On this day twenty years ago I wrote the first entry in my online journal. In the intervening two decades I’ve written a further 2,817 entries.
I am now fifty years old, which means I’ve been blogging for two fifths of my lifetime.
My website has actually been around for longer than twenty years, but its early incarnations had no blog. That all changed when I relaunched the site on September 30th, 2001.
I’m not quite sure what I will be saying here over the coming days, weeks, months and years.
Honestly I still feel like that.
I think it’s safe to assume an “anything goes” attitude for what I post here. Being a web developer, there’s bound to be lots of geeky, techy stuff but I also want a place where I can rant and rave about life in general.
That’s been pretty true, although I feel that maybe there’s been too much geeky stuff and not enough about everything else in my life.
I’ll try and post fairly regularly but I don’t want to make any promises I can’t keep. Hopefully, I’ll be updating the journal on a daily basis.
I made no promises but I think I’ve done a pretty good job. Many’s the blogger who has let the weeds grow over their websites as they were lured by the siren song of centralised social networks. I’m glad that I’ve managed to avoid that fate. It feels good to look back on twenty years of updates posted on my own domain.
Anyway, let’s see what happens. I hope you’ll like it.
I hope you still like it.
Here are some of my handpicked highlights from the past twenty years of blogging:
- Hyperdrive, April 20th, 2007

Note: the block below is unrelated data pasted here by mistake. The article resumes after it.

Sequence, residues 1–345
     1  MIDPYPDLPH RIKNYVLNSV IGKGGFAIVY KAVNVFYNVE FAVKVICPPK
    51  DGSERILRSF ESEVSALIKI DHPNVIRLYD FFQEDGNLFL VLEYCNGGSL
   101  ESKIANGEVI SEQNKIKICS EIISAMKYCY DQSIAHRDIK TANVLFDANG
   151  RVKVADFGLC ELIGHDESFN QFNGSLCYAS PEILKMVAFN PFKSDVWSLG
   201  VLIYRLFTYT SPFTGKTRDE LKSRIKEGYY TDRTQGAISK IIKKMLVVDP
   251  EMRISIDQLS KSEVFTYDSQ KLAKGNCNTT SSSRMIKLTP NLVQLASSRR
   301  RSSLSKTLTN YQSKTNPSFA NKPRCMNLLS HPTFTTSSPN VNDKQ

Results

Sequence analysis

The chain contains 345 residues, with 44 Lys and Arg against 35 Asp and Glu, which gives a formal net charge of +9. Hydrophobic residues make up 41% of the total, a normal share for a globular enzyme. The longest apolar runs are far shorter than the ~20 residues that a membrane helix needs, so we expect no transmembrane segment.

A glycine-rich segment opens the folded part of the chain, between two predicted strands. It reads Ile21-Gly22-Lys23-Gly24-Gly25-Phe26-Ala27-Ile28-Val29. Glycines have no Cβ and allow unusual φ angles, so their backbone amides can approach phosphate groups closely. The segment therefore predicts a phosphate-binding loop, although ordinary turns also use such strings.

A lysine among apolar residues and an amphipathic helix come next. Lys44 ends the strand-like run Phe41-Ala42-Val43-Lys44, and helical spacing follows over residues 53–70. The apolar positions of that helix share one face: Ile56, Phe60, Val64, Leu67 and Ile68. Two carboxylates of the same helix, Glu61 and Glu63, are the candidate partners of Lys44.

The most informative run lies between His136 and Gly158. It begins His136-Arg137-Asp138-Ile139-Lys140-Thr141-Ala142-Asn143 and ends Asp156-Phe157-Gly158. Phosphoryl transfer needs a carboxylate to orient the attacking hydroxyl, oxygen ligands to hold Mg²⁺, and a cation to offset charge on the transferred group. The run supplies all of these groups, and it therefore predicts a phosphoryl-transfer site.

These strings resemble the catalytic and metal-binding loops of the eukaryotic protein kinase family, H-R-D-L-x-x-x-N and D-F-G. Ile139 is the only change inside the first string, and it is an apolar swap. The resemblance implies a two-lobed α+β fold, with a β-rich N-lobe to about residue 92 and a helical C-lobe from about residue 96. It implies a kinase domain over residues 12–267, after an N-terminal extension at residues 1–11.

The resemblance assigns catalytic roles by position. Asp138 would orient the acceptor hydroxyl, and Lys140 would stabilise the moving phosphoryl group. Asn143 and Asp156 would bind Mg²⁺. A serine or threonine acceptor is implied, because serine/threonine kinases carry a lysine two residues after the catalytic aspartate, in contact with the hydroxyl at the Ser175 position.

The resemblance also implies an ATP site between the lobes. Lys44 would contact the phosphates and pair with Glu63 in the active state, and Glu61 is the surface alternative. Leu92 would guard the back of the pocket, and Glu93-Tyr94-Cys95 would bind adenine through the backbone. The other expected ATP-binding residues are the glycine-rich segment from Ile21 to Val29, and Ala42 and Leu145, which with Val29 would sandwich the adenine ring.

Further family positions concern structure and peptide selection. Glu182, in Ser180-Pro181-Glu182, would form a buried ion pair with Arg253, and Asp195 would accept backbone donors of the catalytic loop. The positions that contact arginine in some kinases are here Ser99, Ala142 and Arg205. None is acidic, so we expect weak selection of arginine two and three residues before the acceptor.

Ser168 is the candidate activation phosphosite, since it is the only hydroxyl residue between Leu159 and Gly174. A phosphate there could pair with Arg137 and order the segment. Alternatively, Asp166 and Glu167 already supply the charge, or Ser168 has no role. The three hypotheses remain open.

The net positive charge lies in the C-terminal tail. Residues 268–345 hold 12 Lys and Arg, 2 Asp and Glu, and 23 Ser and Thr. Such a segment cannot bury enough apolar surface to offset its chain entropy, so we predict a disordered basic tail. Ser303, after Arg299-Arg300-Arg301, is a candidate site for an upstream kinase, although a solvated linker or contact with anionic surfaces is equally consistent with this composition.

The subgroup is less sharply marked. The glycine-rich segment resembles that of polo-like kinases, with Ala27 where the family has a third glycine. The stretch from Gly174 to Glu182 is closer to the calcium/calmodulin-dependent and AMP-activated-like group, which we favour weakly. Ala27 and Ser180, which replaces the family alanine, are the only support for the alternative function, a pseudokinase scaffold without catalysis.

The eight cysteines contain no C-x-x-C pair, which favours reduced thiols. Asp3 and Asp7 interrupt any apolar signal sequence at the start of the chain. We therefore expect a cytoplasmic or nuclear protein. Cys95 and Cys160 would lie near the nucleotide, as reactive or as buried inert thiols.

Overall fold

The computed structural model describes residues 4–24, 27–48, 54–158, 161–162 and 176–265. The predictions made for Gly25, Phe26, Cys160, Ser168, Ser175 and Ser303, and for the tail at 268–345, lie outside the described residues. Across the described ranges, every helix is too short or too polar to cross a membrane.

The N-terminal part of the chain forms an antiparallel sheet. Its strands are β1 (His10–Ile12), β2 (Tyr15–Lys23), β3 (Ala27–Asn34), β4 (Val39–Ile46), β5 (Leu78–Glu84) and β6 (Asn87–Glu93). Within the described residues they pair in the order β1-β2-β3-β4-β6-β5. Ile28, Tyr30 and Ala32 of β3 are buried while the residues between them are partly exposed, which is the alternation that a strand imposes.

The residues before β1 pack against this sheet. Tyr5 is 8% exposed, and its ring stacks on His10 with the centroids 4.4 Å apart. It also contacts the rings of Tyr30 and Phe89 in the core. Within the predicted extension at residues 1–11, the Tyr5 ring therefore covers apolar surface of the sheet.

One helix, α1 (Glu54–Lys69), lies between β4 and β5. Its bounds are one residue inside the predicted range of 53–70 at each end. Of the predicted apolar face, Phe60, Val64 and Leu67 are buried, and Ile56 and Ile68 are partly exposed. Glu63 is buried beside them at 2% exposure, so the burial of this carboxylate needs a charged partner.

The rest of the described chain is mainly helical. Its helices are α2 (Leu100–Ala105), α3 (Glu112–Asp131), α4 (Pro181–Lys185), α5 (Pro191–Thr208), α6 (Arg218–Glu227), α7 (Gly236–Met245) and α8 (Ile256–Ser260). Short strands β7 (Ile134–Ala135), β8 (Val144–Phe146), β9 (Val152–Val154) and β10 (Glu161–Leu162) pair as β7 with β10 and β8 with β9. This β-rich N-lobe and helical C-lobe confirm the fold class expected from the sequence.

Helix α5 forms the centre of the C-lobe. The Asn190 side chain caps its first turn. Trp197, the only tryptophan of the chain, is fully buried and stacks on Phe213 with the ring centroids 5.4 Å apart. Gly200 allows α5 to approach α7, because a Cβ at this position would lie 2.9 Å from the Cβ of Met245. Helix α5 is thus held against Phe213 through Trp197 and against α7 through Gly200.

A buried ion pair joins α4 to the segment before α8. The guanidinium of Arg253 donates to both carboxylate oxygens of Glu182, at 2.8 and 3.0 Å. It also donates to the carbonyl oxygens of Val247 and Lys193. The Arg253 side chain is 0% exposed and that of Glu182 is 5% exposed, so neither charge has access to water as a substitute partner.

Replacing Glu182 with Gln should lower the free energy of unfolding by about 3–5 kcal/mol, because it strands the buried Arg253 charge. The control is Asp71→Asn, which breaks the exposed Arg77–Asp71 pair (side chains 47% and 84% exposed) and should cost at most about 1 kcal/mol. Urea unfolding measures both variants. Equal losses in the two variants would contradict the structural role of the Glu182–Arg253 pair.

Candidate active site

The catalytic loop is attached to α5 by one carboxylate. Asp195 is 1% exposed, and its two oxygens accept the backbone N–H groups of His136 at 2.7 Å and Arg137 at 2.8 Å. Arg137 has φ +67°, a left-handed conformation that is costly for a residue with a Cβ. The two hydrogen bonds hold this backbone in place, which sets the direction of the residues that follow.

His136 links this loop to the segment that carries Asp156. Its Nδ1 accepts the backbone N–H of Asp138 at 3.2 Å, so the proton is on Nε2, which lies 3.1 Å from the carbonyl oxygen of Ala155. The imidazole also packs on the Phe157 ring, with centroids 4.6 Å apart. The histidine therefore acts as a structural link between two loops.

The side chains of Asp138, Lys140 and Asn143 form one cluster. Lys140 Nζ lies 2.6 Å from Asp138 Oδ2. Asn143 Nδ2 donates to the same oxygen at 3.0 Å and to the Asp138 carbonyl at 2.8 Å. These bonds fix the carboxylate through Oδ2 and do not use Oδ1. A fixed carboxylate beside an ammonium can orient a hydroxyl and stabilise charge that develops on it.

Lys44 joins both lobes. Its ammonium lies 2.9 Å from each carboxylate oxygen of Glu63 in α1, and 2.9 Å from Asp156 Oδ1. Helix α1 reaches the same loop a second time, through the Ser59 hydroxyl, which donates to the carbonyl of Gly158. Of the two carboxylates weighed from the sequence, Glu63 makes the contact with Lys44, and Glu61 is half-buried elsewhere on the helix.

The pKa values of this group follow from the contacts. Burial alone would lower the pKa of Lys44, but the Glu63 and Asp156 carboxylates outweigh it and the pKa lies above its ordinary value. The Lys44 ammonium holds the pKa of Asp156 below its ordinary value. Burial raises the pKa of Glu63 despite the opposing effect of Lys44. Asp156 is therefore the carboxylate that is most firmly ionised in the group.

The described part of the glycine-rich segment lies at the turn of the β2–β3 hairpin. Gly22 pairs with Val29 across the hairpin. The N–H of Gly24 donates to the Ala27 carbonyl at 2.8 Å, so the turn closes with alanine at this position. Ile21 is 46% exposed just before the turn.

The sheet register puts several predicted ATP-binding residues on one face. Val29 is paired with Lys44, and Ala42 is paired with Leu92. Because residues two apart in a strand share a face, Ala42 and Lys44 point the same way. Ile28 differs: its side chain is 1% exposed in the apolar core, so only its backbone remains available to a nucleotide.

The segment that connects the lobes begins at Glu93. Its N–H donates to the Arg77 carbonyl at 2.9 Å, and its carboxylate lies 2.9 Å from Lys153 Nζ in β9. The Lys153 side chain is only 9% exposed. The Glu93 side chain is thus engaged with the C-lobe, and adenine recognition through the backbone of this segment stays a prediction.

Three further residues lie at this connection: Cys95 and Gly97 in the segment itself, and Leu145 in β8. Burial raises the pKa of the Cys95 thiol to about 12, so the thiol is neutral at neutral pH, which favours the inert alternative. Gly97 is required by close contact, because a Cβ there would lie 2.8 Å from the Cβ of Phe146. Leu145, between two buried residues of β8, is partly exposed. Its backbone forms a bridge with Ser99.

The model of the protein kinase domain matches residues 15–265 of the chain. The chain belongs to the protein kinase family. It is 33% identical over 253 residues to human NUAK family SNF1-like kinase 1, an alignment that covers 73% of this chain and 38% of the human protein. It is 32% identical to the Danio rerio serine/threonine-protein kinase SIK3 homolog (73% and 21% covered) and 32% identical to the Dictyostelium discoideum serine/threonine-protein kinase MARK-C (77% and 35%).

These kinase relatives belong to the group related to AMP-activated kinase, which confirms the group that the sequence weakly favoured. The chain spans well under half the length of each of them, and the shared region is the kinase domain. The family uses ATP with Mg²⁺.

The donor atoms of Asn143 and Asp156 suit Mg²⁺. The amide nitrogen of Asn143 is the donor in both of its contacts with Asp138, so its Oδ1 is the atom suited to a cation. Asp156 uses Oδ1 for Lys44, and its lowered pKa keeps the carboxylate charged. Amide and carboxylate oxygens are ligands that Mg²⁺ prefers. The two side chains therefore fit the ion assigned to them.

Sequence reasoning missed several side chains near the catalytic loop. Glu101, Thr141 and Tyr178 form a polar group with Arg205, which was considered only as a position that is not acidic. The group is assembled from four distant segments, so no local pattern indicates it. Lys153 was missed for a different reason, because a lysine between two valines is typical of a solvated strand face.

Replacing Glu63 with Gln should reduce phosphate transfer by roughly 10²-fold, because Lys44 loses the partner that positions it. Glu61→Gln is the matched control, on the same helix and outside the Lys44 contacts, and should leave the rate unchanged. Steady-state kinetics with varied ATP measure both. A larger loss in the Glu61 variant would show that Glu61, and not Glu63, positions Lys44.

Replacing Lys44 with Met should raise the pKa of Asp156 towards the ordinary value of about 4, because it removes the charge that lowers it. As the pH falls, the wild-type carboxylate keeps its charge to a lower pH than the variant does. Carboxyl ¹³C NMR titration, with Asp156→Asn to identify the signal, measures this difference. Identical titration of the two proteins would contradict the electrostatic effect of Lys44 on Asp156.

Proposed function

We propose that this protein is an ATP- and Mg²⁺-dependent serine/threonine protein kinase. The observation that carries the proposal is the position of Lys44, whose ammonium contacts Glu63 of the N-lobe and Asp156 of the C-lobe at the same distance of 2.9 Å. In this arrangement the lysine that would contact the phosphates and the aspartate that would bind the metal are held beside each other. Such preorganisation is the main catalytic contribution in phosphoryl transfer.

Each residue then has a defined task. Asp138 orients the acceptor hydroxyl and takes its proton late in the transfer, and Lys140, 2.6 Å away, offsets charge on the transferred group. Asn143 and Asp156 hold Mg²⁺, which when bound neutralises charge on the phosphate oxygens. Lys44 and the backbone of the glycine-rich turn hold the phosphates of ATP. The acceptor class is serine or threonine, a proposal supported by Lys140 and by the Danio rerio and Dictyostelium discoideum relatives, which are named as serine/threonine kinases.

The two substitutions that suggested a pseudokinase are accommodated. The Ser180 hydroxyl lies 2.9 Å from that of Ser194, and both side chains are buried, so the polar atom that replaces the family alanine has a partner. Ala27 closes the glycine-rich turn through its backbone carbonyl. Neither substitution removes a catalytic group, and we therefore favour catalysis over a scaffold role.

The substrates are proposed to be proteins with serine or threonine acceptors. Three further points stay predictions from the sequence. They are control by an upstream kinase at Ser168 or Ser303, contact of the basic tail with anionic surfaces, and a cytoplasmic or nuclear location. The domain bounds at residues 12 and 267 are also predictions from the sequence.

Last night in San Francisco.
- Design doing, November 11, 2007
The opposite of design thinking.
- Iron Man and me, December 1st, 2008
The story of how one of my Flickr pictures came to be used in a Hollywood movie.
- Seams, May 12th, 2014
There is a crack, a crack in everything. That’s how the light gets in.
- Web! What is it good for?, May 28th, 2015
Not absolutely nothing, but not absolutely everything either.
- Split, April 10th, 2019
Materials and tools; client and server; declarative and imperative; inclusion and privilege.
Wednesday, September 29th, 2021
TAKE MY MONEY!!!
Thursday, September 16th, 2021
Writing the Clearleft newsletter
I think it’s a really good newsletter, but then again, I’m the one who writes it. It just kind of worked out that way. In theory, anyone at Clearleft could write an edition of the newsletter.
To make that prospect less intimidating, I put together a document for my colleagues describing how I go about creating a new edition of the newsletter. Then I thought it might be interesting for other people outside of Clearleft to get a peek at how the sausage is made.
So here’s what I wrote…
The description of the newsletter is: